Many years ago, a cousin told me about MTR Puliogare powder and raved about it. We got a packet and used it and liked it. It was a novelty for us, the tangy taste was unlike any we had tasted before.The powder was also very convenient to have on hand. I used to work in shifts, I would come home at all odd hours and sometimes, starving. When the work load was heavy, we would miss meals to cover up the workload. On those days I would come home, in the middle of the night, hungry and dead tired. My parents would be fast asleep and I did not want to wake them, I would quietly go to the kitchen and make myself some Puliogare rice with the left over rice my Mother would keep for me. After marriage, M introduced me to a particular brand (I forgot the name) that came in a bottle in the paste form, which was better then MTR and we would enjoy mixing it with plain rice.When we moved to the USA, we switched back to MTR. We tried other brands (paste) but did not like any.I searched for a recipe on other blogs.I found and tried some recipes but nothing clicked. The process was also tedious. I dropped the idea for a while and went back to store brought mix.And then, I saw a recipe which made the whole process simple, made using the Electric Pressure Cooker / Instant Pot.This solved my problem of baby sitting the  whole thing. I used the timings as specified by a FB user Lavanya but modified the spice proportions to my taste.Spices to be powdered and added to the pulpTo make the spice powder you need:1/4 cup Coriander Seeds 1/4 cup Chana Daal1 tsp. Fenugreek seeds    1/4 cup Sesame seeds    8-10 Dry Red chilies ( I used Byadgi variety)    Few curry leaves ( I used about 2- 3 sprigs)Dry roast each item separately until the dals are golden brown and the chilies and curry leaves are dry and crisp.This can be done in the EPC/ IP as well on saute mode. But I used my stove top for this.Cool completely and grind to a fine powder. I used my coffee mill for this.To make the Pullikachal / Puliogare paste you need:One small packet of Tamarind (easily available in any Indian store)Gingelly (sesame) Oil1 tbs Mustard Seeds3-4 Dry Red Chilies ( I used Byadgi)Few curry leaves1 tbsp chana Daal1 tbsp Urad daal1 tsp Turmeric powder1/4 cup Peanuts1/4 cup Cashew nuts (optional, but I like them)Salt to taste1 tsp Asafetida powder2 tsp Jaggery crumbled ( this is my choice, the original recipe does not call for it)Soak the tamarind in warm water and squeeze out the pulp. Discard the solids.Start the EPC/ IP on Sear / saute Mode. Add Gingelly oil, generously. I added as much as needed to make a thin layer covering the entire surface of the cooker inner pot.Once the oil heats up add the urad daal and chana daal and mustard seeds . As they pop add the daals turn golden brown, add the (raw) peanuts and saute till golden. If you use roasted  peanuts add cashew pieces along with the peanuts. Add the curry leaves, red chilies. Saute till the oil has coated all the spices.Add the tamarind pulp and mix everything well.Cancel the Sear Mode at this point.Switch to Slow Cook mode and set it for 3 hours. Close the lid and leave the 'whistle' on Vent mode.Forget about it for 1 hour and 45 mins. After that time, open the lid and you will see the liquid has reduced by half or more. Now add in the turmeric powder, salt and the ground spice powder. Mix well to incorporate the spice powder very well with the tamarind. If you opt to add jaggery, add it now. Close the lid again and let it slow cook for the remaining time on the timer.At the end of the cooking time the oil will separate from the mixture. Puliogare /Pullikachal is ready.To make Tamarind Rice:Add a dollop of the Puliogare / Pulikachal paste to cooked and cooled rice. This depends on your taste buds, adjust the spoonful to how strong you want to make it.Mix it well and serve. As simple as that!This is a life saver on Monday mornings, I can tell you.                [...]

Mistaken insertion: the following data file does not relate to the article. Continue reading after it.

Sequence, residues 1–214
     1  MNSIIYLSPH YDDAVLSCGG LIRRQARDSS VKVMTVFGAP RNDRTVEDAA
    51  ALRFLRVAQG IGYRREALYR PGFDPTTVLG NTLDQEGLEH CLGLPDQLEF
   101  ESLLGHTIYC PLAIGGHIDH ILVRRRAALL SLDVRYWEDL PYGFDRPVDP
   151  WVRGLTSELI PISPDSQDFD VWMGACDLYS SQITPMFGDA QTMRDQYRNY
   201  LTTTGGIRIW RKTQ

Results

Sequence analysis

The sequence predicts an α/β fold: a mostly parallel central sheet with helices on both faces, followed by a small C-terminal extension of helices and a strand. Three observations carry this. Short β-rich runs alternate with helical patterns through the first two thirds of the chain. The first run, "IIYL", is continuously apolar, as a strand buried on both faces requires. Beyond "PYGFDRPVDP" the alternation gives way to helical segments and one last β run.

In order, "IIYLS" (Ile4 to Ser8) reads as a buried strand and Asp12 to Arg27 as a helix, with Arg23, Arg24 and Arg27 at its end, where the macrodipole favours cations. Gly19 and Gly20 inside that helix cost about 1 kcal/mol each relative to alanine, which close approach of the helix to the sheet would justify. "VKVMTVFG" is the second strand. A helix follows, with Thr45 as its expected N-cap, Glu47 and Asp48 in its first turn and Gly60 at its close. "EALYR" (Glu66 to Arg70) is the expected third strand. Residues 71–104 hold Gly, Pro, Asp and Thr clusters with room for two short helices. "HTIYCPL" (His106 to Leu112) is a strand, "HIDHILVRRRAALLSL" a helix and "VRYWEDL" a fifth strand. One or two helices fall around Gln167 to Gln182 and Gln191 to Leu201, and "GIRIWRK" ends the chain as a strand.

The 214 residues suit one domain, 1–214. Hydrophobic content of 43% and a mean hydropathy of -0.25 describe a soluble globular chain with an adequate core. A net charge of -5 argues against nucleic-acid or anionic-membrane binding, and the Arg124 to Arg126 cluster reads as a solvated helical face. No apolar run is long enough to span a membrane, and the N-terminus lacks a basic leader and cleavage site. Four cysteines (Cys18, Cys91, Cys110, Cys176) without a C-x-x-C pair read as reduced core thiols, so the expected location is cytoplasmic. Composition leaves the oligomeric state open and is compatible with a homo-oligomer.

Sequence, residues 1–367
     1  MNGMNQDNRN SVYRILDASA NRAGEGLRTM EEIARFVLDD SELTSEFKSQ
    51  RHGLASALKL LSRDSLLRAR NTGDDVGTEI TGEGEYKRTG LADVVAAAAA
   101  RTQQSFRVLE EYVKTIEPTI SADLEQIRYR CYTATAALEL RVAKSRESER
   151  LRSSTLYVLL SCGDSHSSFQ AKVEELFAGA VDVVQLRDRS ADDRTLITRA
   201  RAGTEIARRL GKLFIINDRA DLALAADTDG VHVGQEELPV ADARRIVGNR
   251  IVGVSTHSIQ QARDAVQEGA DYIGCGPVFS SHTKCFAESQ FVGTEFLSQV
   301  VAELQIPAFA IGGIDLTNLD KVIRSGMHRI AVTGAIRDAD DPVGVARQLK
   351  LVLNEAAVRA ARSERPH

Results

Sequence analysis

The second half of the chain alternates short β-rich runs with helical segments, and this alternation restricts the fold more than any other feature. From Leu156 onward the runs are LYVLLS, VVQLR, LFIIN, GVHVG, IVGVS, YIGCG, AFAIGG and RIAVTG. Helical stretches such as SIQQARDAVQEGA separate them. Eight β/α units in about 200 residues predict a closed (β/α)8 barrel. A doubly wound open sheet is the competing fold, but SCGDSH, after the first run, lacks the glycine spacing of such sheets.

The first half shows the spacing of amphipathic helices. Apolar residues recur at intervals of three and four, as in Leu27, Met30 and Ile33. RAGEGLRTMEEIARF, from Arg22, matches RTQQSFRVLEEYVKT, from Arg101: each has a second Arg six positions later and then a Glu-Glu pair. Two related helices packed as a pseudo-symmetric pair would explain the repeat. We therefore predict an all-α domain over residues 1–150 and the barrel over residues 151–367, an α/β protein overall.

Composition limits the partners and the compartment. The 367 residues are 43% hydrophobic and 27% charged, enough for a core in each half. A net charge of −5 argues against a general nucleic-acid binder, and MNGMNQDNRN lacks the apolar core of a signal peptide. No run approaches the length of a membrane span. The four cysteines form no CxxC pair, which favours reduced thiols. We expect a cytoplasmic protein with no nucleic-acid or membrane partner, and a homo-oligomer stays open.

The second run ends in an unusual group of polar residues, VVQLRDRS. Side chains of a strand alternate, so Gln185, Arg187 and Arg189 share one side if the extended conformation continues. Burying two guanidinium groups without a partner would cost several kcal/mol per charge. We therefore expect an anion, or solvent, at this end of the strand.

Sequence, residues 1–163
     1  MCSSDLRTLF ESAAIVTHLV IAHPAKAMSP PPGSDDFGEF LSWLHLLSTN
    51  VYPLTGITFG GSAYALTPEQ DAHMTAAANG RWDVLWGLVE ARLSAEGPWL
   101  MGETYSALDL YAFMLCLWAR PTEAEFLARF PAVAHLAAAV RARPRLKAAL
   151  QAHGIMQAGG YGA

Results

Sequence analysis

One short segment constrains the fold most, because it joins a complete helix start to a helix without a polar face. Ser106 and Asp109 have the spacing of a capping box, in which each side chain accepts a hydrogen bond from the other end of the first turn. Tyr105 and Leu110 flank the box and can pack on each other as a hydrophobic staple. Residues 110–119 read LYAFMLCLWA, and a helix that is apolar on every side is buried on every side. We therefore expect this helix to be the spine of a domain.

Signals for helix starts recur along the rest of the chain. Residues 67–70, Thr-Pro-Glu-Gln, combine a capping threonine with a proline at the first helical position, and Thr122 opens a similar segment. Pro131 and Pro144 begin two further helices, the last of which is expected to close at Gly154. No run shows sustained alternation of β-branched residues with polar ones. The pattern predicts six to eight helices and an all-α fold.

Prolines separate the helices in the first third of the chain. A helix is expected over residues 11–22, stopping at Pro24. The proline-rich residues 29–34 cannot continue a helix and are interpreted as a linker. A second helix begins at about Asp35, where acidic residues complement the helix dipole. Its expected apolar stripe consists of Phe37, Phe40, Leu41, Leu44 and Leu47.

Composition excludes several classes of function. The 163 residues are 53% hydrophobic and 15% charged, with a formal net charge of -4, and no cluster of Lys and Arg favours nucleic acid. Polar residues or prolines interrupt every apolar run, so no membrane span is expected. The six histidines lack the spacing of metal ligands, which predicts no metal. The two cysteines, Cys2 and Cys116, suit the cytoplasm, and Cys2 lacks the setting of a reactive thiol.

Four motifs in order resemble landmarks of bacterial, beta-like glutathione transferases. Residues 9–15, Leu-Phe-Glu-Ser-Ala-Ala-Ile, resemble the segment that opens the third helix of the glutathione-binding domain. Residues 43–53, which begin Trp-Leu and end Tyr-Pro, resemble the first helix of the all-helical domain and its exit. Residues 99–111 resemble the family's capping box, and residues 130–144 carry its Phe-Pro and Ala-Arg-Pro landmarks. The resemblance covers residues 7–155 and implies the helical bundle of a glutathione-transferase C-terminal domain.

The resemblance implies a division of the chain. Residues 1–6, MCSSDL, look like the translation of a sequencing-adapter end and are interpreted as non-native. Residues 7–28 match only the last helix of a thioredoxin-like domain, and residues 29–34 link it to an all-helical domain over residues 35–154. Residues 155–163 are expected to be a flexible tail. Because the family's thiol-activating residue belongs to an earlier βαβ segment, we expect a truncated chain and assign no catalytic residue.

Kofta Curry (IP recipe) Bottle Gourd & Zuchhini dumplings in a rich and aromatic Gravy.